Just about every wine retailer in the United States has, at one time or another, faced this problem:
A patron comes into the store with a bottle that he or she has purchased there and wants a refund, arguing that there is “broken glass” in the bottle. Most likely this is a white wine or a rosé and the patron is angry. And the retailer faces having to return the wine to the winery or wholesaler for credit.
Partially as a service for these people, I periodically set the record straight and write about this issue, which came up again last week with a superb rosé wine I tasted. (See Wine of the Week below.)
Interestingly, this wine happens to be as good as it is precisely because of the shards of “glass” that developed in the sealed bottle.
The explanation is slightly complicated: After a wine’s fermentation is over and the wine is almost ready to be bottled, the liquid retains elements that could cause harmless sediment to form in the bottle under some conditions.
Many such wines have tartaric acid, which is dissolved in the wine and is invisible. However, if any wines containing tartaric acid are chilled for several hours, the tartaric can fall out of solution and form crystals.
When this occurs, winemakers say the wine has “thrown a sediment.”
So although white and rosé wines are best served cold, very cold chilling of these wines, especially over several days, can cause sediment to develop. It looks like broken glass and prompts some buyers to think the wine has gone bad.
To prevent this from occurring in wine buyers’ home fridges or in restaurants with very cold walk-in refrigerators, most wineries do something they mostly would like to avoid doing. They cold-stabilize the wines at the winery to drop the tartaric acid out of the wine before it is bottled.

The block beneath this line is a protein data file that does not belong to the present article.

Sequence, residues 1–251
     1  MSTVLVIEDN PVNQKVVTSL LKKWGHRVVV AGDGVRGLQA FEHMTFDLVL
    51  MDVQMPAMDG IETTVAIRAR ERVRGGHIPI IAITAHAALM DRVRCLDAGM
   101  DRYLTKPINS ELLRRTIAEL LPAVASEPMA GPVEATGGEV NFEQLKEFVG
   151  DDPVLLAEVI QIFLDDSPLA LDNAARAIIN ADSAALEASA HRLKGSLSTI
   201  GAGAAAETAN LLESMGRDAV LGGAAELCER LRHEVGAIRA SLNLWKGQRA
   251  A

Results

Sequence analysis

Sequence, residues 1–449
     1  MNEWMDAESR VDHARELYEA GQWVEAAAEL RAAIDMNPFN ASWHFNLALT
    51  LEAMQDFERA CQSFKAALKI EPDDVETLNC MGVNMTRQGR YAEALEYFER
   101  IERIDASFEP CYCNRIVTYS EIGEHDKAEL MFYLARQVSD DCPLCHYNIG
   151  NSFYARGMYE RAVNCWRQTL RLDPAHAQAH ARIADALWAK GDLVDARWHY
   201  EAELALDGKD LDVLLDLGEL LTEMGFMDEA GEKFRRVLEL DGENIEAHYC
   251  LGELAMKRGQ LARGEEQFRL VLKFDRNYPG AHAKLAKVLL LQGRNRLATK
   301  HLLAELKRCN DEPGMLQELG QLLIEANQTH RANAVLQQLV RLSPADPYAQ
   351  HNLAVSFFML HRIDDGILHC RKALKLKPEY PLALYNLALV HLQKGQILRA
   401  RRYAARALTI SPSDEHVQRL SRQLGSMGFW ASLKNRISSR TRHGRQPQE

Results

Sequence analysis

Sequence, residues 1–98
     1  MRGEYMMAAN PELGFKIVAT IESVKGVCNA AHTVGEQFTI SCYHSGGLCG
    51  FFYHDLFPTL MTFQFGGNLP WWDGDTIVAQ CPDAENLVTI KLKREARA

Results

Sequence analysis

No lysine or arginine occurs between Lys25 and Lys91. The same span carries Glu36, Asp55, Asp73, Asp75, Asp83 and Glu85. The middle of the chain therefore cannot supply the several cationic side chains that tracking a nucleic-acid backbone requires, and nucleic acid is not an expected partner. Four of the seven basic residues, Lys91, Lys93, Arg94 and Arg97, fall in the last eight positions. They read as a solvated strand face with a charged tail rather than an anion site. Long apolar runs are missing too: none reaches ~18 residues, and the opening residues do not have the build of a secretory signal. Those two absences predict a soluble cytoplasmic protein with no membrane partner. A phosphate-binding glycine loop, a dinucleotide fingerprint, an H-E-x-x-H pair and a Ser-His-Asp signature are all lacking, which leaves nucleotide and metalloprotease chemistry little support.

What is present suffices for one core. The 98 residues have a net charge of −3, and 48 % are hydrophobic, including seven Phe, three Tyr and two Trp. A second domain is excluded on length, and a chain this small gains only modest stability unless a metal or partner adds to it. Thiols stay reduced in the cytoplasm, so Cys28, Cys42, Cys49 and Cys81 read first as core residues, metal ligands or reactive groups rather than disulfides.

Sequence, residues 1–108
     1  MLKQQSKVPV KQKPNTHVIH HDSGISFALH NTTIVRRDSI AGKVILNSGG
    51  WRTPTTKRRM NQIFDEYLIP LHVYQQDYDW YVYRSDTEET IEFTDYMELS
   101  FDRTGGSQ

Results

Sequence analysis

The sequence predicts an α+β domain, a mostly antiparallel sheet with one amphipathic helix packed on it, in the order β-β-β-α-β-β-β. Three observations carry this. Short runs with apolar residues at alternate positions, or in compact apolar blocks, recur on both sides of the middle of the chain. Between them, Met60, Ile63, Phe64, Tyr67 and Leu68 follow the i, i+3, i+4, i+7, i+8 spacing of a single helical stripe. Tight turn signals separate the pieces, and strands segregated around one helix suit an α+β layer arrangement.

The reason most winemakers dislike this tactic is that it is not being done to improve either the aroma or the taste of the wine. It is done purely for cosmetic reasons.
Some people, especially wine marketing people, think the sediment looks bad and may be taken by some buyers as a flaw. In fact, I could argue that the appearance of tartrate crystals in a bottle is a sign that the winemaker was so certain that cold stabilization would harm the wine, he or she avoided doing so or minimized how it was done.
Cold-stabilization entails putting the wine into a tank and dropping the temperature inside the tank down so the sediment forms there and can be removed from the wine before it’s bottled.
Many winemakers believe strongly that the colder the wine gets during the stabilization phase, the more the wine is negatively impacted.
Cautious winemakers drop the temperature down to 40 or 45 degrees Fahrenheit and hope that’s sufficient. A more conservative approach is to stabilize at a lower temperature, to make sure no crystals will develop after bottling. But the negative impact can be worse.
With wines that aren’t cold-stabilized low enough, once the bottle goes below the temperature at which it was stabilized, some of the remaining tartrate crystals that are in solution may yet separate from the wine.